January 2, 2017


James Fox (1939-) b. London, England.

James Fox

Born into a theatrical family, his mother was an actress; his father a theatrical agent, James Fox was trained at the Central School of Speech and Drama. He made his film debut as a child star in The Miniver Story (1950), using his own name, William Fox. He followed this with an appearance in Ealing’s The Magnet (1950), about a fun-loving young boy and his good-luck token. He soon gave up acting to finish school. After completing compulsory Military Service from 1959 to 1961, Fox changed his first name to James. He returned to acting as a runner in Tony Richardson‘s angry drama The Loneliness of the Long Distance Runner (1962), which starred Tom Courtenay as a rebellious youth. Fox soon made his mark alongside Dirk Bogarde in Joseph Losey’s Pinter-scripted psychological class drama The Servant (1963). Later that same period he headlined an international cast in the slapstick comedy extravaganza Those Magnificent Men in Their Flying Machines (1965), and made a small number of distinguished films in Hollywood; including the PoW drama King Rat (1965) and Thoroughly Modern Millie (1967).

Fox culminated the decade in Nicholas Roeg’s cult classic Performance (1970), turning in a starring role as a gangster sucked into the bohemian lifestyle of jaded rock-star Mick Jagger. He departed the acting world on completion of Performance to pursue Christian vocational work with the missionary group, the Navigators – he returned in the late 1970s. Fox noticeably returned to mainstream cinema in the 1980s, appearing in David Lean’s A Passage to India (1984), Julien Temple’s musical Absolute Beginners (1986) and spy thriller The Whistle Blower (1986). Fox continued to be more prolific than ever, often playing aged English aristocrats in films, including The Russia House (1990), the rescued Lord Holmes in Patriot Games (1992), lord of the manor in The Remains of the Day (1993) and as Hugh Grant‘s auction house boss in the comedy Mickey Blue Eyes (1999). Fox made a return to the gangster genre as the corrupt aristocrat in Jonathan Glazer’s Sexy Beast (2000).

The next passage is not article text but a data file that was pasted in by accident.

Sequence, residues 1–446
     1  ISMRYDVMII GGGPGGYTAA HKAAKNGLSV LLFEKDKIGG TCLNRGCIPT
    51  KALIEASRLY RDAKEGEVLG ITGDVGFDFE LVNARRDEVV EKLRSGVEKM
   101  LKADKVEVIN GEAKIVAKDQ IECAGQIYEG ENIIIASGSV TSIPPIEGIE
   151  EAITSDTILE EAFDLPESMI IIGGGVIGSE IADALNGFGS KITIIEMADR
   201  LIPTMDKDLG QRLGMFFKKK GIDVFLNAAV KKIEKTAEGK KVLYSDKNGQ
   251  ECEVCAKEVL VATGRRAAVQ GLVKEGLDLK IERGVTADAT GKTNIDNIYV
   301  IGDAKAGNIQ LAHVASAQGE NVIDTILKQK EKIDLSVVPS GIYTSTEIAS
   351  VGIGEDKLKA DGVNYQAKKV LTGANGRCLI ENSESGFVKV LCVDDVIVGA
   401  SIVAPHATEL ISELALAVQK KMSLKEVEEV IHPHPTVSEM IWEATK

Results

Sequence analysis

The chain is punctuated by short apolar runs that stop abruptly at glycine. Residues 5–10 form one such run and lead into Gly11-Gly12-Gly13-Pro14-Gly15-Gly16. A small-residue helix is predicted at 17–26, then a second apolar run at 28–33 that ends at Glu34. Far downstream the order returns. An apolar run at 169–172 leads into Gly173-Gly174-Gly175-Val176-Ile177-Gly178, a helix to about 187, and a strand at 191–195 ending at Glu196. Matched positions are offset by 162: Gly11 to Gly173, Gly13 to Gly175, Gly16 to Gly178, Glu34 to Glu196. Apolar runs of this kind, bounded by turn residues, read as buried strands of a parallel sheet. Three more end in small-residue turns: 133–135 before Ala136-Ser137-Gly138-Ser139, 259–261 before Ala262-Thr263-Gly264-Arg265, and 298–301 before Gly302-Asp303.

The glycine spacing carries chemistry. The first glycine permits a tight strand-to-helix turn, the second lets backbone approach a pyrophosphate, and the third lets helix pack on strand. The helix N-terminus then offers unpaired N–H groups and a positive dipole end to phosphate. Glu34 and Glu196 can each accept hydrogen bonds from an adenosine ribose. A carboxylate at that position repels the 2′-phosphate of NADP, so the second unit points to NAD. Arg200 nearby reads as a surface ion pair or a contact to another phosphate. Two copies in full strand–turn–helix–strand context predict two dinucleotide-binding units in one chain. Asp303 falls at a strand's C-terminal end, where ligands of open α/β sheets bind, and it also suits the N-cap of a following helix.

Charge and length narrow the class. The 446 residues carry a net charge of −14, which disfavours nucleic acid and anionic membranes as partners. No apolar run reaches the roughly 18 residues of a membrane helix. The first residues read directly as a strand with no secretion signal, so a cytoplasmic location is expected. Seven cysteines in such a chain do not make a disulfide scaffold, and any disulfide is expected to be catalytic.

blog comments powered by Disqus